Is it 30? 31? How about 45 or 49?
With marijuana legalization efforts moving forward at full steam in states across the country, it can be understandably difficult to keep track of the total number of states that have legalized cannabis in some form, especially when it comes to counting differing medical programs.
In some cases, even national advocacy groups disagree over the actual tally.
For example, the Marijuana Policy Project (MPP) lists 30 legal medical marijuana states, while NORML says the number is 31. Americans for Safe Access, meanwhile, has an interactive map that provides information about existing cannabis laws in 45 states. So what is the number, really?
If you ask NORML, it’s a plain and clear 31. Paul Armentano, the organization’s deputy director, told Marijuana Moment that it’s based on simple reasoning: there are currently 31 states in the U.S. that have legalized marijuana for medical or recreational purposes (not including more limited, CBD-focused laws in other states, but we’ll get to those in a minute).
Not every legal cannabis program is the same, but NORML’s number is meant to represent quantity, not necessarily quality. However, differences between advocacy groups isn’t entirely unexpected, he said, because state-level marijuana laws have continued to evolve and are increasingly varied.
“The problem is there’s a fixation sometimes in the general public and in the mind of the media where they want numbers—they want tallies,” Armentano said. “The reality is that we have a complex, patchwork system when it comes to marijuana policy that is state-by-state.”
“At this point in time, a number of those laws have evolved in such ways that they have many things in common, but they also have many differences. It’s getting hard to just place a total number on, say, medical marijuana states or decriminalization states because these laws are evolving to such a degree that, really, it’s time to acknowledge that we have 50 states with 50 very, very different marijuana laws.”
So where does MPP’s number come from?
Unlike NORML, MPP determines what constitutes a legal medical marijuana state based on the fact the state passed a law aimed at medical cannabis in addition to an independent analysis of the efficacy of those laws. That’s why the organization doesn’t include Louisiana in its list of legal states, for instance, even though NORML and others count it.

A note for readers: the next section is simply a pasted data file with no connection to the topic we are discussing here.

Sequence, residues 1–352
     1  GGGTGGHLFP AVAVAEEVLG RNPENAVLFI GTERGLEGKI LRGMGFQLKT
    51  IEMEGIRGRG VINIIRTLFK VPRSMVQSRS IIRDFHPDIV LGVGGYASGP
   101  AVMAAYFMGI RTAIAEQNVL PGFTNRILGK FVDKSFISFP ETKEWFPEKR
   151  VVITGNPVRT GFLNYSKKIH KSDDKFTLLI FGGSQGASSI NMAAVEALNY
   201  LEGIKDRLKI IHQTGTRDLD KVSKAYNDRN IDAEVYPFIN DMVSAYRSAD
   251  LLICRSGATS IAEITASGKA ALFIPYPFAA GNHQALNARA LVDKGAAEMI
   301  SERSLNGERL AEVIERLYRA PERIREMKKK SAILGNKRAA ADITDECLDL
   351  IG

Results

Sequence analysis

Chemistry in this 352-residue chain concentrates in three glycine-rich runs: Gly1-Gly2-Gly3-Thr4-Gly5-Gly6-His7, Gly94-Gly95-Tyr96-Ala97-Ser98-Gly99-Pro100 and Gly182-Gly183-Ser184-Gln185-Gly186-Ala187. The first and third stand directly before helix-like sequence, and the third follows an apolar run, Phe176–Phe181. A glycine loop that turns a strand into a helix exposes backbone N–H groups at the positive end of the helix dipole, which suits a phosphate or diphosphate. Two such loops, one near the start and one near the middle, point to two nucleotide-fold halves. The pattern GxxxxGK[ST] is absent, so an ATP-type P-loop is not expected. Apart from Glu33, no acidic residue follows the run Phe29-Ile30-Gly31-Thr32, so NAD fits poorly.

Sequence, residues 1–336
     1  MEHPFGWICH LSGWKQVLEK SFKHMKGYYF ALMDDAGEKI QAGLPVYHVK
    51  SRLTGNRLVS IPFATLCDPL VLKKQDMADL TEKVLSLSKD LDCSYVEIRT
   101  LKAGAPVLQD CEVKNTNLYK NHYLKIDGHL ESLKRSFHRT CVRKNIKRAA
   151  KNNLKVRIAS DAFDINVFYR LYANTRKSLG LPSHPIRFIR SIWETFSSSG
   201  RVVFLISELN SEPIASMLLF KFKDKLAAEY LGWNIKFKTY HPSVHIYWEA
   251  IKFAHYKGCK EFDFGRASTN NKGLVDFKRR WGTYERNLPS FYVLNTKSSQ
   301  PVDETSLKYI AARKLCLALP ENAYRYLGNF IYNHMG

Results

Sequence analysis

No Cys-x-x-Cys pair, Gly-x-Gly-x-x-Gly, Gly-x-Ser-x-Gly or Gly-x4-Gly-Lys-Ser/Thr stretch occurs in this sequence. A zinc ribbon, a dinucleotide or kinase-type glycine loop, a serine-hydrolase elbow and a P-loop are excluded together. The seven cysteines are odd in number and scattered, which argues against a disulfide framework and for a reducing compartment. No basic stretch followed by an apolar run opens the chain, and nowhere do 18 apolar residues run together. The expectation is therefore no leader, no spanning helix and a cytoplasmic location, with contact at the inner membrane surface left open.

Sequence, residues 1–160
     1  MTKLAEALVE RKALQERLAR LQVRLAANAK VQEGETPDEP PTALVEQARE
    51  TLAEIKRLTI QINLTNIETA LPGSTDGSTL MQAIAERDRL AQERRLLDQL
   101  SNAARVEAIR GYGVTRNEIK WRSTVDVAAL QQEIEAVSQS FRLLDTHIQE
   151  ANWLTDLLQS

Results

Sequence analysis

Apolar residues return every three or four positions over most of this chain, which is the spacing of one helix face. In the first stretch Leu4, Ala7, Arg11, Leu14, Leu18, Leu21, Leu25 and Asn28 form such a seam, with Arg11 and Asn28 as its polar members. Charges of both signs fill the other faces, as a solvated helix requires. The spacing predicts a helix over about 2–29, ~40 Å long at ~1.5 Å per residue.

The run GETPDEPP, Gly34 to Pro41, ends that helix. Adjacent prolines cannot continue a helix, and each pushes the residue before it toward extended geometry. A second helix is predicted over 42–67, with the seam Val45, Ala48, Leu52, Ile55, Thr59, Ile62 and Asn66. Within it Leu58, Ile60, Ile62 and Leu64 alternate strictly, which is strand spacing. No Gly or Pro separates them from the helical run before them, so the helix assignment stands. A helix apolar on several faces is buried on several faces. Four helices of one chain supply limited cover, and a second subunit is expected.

“Forty-nine states have adopted some form of medical marijuana law, and we feel that the easiest distinction to draw is between those that are effective and relatively comprehensive and those that are ineffective or highly restrictive,” Mason Tvert, MPP’s media relations director, told Marijuana Moment. “There are some states, such as Louisiana, that could arguably fall into both categories, but our policy experts currently still consider it to be too limited to be considered one of the states that has adopted an effective and comprehensive medical marijuana law.”
One major tenet of the organization’s efficacy standard concerns whether the state permits inhalation of cannabis. If a state “allows patients to either smoke or vaporize marijuana or marijuana oils, or both,” then that’s one point toward efficacy. MPP goes into further detail about its policy here.
When you hear numbers in the upper 40s, those generally take into account states that allow certain patients to use CBD extracts with low-THC composition, but licensed programs providing those products are few and far between. Generally speaking, legalization advocates don’t consider CBD-only states “legal,” per se, but it’s another factor that can muddle the math.
What consequence, if any, these varying tallies have on public policy is uncertain.
Advocates believe, however, that including the CBD-only states is one key factor that led to the passage in 2014, and subsequent extension, of a congressionally approved rider preventing Justice Department interference in medical marijuana states. Since the text of the measure itself meticulously lists out all of the affected states—including ones like Texas and Virginia, which only have CBD laws—it is that much harder for lawmakers from those states to vote no.
Armentano added that the numbers do matter to an extent because “it is hard to be critical when you see these different numbers thrown around in the media, when in fact the movement itself isn’t on the same page with regard to a total number.”
One thing advocates do agree on is the number of states that allow recreational, or adult-use marijuana. That’s nine, plus Washington, D.C.
Photo courtesy of Chris Wallis // Side Pocket Images.